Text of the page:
West Virginia has a great shield law, although I wish it was better by only one word. I do not know what substantial means, although I would argue that the income in its different forms I receive from this blog entitle me to protection under the shield law. The key line in this law is in bold.
57.3.10: “Reporter” means a person who regularly gathers, prepares, collects, photographs, records, writes, edits, reports, or publishes news or information that concerns matters of public interest for dissemination to the public for a substantial portion of the person’s livelihood, or a supervisor, or employer of that person in that capacity: Provided, That a student reporter at an accredited educational institution who meets all of the requirements of this definition, except that his or her reporting may not provide a portion of his or her livelihood, meets the definition of reporter for purposes of this section.
Also, read here…
Third, an individual successfully may assert the journalist’s privilege if he is involved in activities traditionally associated with the gathering and dissemination of news, even though he may not ordinarily be a member of the institutionalized press.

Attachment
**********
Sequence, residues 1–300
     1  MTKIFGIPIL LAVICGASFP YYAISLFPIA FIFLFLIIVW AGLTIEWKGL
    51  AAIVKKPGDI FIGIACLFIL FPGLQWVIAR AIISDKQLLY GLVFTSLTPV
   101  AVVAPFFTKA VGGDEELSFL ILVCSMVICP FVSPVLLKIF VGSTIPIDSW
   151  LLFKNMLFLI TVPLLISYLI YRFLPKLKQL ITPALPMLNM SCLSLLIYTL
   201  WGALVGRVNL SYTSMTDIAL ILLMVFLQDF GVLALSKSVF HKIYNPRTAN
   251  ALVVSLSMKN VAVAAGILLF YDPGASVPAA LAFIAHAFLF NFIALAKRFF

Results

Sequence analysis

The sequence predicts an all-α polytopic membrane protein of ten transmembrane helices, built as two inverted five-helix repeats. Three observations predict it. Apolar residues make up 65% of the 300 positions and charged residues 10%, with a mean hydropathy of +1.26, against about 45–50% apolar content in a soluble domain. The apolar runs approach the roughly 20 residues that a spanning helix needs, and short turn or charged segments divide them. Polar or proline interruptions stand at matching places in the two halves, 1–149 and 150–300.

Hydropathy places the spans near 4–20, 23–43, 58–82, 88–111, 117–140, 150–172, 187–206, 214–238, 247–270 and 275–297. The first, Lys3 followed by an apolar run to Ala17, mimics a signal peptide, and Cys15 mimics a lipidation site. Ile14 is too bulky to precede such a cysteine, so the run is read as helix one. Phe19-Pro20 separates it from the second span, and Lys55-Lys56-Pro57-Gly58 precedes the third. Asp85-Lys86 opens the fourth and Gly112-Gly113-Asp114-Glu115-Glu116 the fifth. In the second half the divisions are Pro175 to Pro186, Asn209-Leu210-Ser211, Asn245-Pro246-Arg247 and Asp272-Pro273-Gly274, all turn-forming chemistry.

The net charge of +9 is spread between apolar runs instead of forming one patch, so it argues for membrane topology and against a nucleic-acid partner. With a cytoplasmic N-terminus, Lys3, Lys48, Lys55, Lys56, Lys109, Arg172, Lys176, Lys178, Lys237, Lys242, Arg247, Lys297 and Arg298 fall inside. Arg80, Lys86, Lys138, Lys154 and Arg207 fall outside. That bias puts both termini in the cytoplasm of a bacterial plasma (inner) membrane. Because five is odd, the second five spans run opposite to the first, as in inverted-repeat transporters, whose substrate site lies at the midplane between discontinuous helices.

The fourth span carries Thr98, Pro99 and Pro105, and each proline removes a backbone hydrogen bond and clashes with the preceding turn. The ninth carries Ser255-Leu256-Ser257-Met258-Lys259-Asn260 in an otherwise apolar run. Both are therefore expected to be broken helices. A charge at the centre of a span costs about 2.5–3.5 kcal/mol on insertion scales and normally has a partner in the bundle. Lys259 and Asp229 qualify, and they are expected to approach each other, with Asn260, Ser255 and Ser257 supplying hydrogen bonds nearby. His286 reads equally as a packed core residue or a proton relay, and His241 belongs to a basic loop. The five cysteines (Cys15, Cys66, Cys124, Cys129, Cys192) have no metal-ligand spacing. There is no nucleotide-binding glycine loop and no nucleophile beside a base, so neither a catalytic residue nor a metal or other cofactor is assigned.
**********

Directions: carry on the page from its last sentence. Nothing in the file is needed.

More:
Better is the first circuit (case law):
The First Circuit has extended the reporter’s privilege to cover parties other than those engaged in traditional journalism and reporting, such as professors and research analysts. In particular, the courts have extended the privilege to publications where the author intends, at the time of his research, to publicly disseminate the information.
Nothing in this regard has reached the Fourth Circuit (my circuit in West Virginia). To see where your state and federal circuit court stands, click here.
Anyway… just a thought, but wouldn’t chap someone’s hide if I started calling myself a bible scholar AND an investigative journalist?
Now, I’m going to dig a hole in my back yard and call myself an archaeologist.